Meanwhile, more and more people begin to lose their fear and begin homegrowing invidually or in groups. The grow shops, where selling seeds is for now forbidden, proliferate under the designation of “urban agriculture” shops, though they do it more and more conspicuously. Despite censorship after it was first released, Cañamo magazine celebrated it’s first year of existence. Social Cannabis Clubs (SCC) have emerged, though diffidently given the fact that growing remains a crime.

The ban on growing has only allowed the public emergence of two SCCs: SMART and Xochipilli. Both of them have succeeded in becoming known precisely because they do not grow cannabis. For their part, clubs that do it must operate clandestinely and with great limitations. I had the opportunity to visit one of these clubs and witnessed the difficulties they encounter. The crops grown indoors were modest and so was distribution. In fact, only the legal limit of 5 grams or under is distributed at a time and it is often delivered in order to avoid the trouble of having to go from one place to another carrying marihuana.

Putting the cart before the horse?

One of the major limitations of the Mexican cannabis movement is the need to remain invisible. The contrast between the overwhelming following of the Cannabis Hub Forum in the social networks and the poor attendance rate at the auditorium is remarkable.  Surely, many potential activists feared to be seen going to an event filled with “potheads.” The Global Marihuana March, which is already almost a tradition, has very discrete attendance numbers for a city as big as Mexico. One just has to compare the Aztec march with the one in Buenos Aires to notice the contrast.

From my perspective of being an activist in Spain for a quarter century, the current situation in Mexico is practically the reverse of ours. Public opinion in Mexico is clearly against cannabis regulation and the Supreme Court is the most committed to defending the right to grow the plant, whereas in Spain, it is the Supreme Tribunal that stifles the cannabis movement.  In Mexico there are no associations and home growing is practically invisible while the government organizes debates and political parties compete to make proposal. Thus, some political factors seem to be helping, but for the moment social reality will challenge the possibility of attaining a de facto situation as the one in Spain. It is as though in Mexico they had put the cart before the horse.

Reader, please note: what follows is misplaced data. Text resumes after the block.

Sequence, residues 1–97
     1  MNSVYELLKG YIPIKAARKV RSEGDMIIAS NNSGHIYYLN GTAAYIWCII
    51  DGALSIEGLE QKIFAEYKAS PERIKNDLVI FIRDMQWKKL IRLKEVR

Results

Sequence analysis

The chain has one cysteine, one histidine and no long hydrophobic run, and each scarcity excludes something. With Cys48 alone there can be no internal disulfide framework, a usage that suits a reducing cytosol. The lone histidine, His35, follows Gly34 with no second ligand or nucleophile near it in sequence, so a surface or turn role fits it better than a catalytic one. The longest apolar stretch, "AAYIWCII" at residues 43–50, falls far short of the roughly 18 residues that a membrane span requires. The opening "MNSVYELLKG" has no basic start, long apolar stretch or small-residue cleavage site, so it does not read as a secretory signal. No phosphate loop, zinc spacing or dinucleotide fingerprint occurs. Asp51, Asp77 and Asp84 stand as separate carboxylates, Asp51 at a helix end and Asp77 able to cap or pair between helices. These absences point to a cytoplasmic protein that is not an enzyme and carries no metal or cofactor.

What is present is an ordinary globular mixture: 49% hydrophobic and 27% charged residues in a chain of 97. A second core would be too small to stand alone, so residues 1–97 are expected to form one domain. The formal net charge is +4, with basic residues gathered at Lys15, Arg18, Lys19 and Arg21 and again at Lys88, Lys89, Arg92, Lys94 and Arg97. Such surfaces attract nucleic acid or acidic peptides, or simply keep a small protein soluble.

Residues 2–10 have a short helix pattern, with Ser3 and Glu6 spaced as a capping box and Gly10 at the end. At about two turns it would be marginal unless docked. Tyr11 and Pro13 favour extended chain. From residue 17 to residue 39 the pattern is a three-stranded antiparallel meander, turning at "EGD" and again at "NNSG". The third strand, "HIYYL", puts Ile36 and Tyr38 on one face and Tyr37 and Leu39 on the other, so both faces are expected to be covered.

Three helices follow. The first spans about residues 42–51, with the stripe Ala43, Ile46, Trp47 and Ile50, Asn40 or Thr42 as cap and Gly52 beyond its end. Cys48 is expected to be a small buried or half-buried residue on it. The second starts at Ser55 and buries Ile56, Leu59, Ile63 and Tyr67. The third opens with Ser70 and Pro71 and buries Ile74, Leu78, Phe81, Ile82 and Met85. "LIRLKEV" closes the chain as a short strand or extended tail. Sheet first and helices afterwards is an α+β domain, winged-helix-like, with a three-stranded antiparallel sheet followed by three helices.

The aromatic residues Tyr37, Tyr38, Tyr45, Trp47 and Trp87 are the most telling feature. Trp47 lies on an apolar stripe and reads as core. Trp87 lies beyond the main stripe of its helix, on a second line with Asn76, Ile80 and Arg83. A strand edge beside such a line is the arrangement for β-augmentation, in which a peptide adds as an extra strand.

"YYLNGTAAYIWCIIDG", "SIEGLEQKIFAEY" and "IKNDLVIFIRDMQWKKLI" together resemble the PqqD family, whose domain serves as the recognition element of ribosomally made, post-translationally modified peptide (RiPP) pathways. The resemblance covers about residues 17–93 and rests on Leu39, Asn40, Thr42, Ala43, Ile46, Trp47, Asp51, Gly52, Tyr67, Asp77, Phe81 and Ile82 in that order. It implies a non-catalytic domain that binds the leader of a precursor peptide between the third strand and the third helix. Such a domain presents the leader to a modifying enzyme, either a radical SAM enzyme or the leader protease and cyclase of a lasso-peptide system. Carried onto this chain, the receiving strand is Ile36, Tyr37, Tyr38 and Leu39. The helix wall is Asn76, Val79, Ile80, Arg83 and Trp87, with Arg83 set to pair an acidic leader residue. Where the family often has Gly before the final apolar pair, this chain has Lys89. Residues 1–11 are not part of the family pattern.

Now, is this limitation positive or negative? In my view, a premature triumph in regulating cannabis could have adverse consequences. In a country where apart from drug dealers there are no growers, where there is a great lack of information about the plant, and where cannabis users are hardly organized, any regulatory law risks favoring the interests of drug dealers, and above all, the interests of large foreign companies. Without a strong cannabis culture and without an organizing tradition a sudden regulation fallen from the sky could turn Mexico into a sort of cannabic Las Vegas. From a risk-reducing perspective, that would be a disaster. Hence, what can be hoped for the cannabis Mexican movement is that it generates as soon as possible the social fabric and the political proposals to match the demands of the debate that has emerged. That all the debates, forums, marches, and so on, be useful to win the battle over public opinion, which at the end of the day is the only one that counts. It is useless to win judicial cases if we are unable to have the people on our side.